Value creation is perhaps the single most important aspect of any executive’s job. As such, crystal clarity on what it is and how it’s done should certainly be top of mind. Shareholder value is fueled by customer value; shareholders leave when customers leave, not the other way around. Customer value is an ambiguous term, as it can be used either from the company’s or the customer’s perspective. Few companies know the lifetime value of their customers, or collective customer equity, and more importantly, fewer still know how much customers value their brand, and why.
Why care about how much customers value your brand? Because the customer view of the company’s value is a predictor of market share and shareholder value. Vodafone’s Graham Maher, Managing Director, says “The Customer Value Management (CVM) score is a leading indicator of Vodafone’s market share. We were able to predict market share a quarter out using CVM data, to within 1% accuracy! In fact, the Finance Director said the CVM score is more robust than any of our financial scores.” Customer Value Management (CVM) is a best practice for predicting customer behavior and business results, proven by 3M, AT&T, BP, BT, Chase, Disney, GE, HP, J&J, Kraft, Lucent, Nokia, Philips, Roche, Sonoco, S&P, Tata, TI, Vodafone, Whirlpool, Wisconsin Energies, and many other companies. “If you can create value, you can increase your prices. In point of fact, no one talks much about value anymore”, explains Gautam Mahajan, president of Customer Value Foundation. “They worry about competitors dropping price and whether they should match it, or advertising special discounts. You don’t have to lose money to create customer value; you simply need to know how much customers value the array of customer experience components, and act accordingly. The moment you start to think about pricing driving your product, then you’ve got a commodity product, and it’s a toss of the dice for customers to choose your brand. The only way to stay out of commodity hell is to properly manage customer value.”
Clarity on Customer Value
Untapped value for all parties is common due to the absence of clarity on customer perceptions of value, which is a composite of his or her functional and emotional judgments of your product, service, brand, culture, processes, policies, and business model — all relative to what the customer is striving to do. A keen understanding of customers’ subconscious value equations and perceptions is essential to zeroing-in on management efforts yielding highest return on investment (ROI). Yet most customer research focuses on brand recommendation and sentiment or new product development. Customer value is typically implied, or awkwardly derived from questions about price expectations, or simply assumed. However, Customer Value Management supplies tried-and-true methodologies for discovering how customers think about specific value relative to your competitors and to their expectations.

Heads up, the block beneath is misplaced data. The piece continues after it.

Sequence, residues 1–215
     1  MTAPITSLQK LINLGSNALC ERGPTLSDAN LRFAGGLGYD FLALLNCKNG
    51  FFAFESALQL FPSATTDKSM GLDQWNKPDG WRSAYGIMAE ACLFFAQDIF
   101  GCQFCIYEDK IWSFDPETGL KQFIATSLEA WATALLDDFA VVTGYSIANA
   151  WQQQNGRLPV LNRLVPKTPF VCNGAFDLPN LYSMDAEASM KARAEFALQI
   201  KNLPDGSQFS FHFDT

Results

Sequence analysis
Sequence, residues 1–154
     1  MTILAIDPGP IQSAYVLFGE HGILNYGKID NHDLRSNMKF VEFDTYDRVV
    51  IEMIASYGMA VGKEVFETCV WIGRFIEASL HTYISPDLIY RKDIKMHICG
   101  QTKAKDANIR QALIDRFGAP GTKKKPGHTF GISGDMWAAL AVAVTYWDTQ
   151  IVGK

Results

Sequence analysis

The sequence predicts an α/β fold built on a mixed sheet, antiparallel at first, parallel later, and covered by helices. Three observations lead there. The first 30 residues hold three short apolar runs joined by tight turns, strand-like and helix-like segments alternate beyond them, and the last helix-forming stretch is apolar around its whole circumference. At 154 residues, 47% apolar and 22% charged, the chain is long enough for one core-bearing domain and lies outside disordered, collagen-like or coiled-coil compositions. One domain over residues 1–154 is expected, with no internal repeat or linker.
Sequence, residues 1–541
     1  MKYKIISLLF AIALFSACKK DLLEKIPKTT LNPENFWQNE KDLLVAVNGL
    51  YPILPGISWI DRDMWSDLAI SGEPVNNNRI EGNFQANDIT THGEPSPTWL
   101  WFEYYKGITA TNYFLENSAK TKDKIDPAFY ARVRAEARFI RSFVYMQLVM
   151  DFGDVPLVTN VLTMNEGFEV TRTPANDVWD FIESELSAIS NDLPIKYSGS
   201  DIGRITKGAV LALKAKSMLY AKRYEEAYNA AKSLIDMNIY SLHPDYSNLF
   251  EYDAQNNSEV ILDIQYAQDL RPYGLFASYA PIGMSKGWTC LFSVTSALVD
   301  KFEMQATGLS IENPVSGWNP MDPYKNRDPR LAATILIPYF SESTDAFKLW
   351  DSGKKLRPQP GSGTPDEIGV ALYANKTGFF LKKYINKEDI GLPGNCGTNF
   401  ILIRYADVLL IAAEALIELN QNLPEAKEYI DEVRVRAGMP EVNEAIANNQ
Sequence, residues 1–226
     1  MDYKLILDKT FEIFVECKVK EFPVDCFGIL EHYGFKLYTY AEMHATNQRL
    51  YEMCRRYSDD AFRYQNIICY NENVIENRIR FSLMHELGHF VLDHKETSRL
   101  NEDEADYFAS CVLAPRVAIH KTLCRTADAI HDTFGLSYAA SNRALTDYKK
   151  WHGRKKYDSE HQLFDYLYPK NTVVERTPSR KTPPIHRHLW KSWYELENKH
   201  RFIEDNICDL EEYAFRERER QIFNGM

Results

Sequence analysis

Customer Value Chain
Another reason for untapped value is weak management of the interdependencies among entities in the value creation and delivery chain. Traditional thinking charges R&D with value creation, but in reality, the customer experience is impacted even by your support functions’ internal and external policies. In fact, everyone in the company, including suppliers and alliance and channel partners, plays a role in the snowball effect of decisions and hand-offs that eventually shape the entire customer experience. The CEO is the chief value creator, balancing the common interests of all stakeholders.
Customer Value Techniques
Gautam Mahajan and Lynn Hunsaker, president of ClearAction customer experience optimization consulting, are showing companies pragmatic principles and techniques during a week-long Customer Value Management seminar series in San Francisco and San Jose, California. The series includes these topics:
- Total Customer Value Management, September 19
- Customer Value Creation, September 20
- Customer Value Measurement, September 22
- Pricing & Customer Value, September 23
- Customer Value CXO Breakfast, September 23
For example, in the CXO breakfast seminar, the following questions will be discussed: Should Customer-Value-Added (CVA) be included in your financial statements? What are the customer-focus and value creation roles of your CFO, Head of HR, and other top execs? How can you recognize gaps in customer-centricity that invite competitive footholds? Mahajan and Hunsaker have implemented Customer Value Management as practitioners, and they have authored five books among them. Their collective experience will be on tap in this unique seminar series that does more than alter perspective by simplifying advanced topics; each seminar engages executives in methods for applying ready-to-use tools for improving customers’ perceived value and increasing profit. For more information about the Customer Value Management seminar series, see www.ClearAction.biz/value.
By seeing value the way customers see it leaders gain the context for collaborative value generation that offers sustainable differentiation and is rewarded by the market place.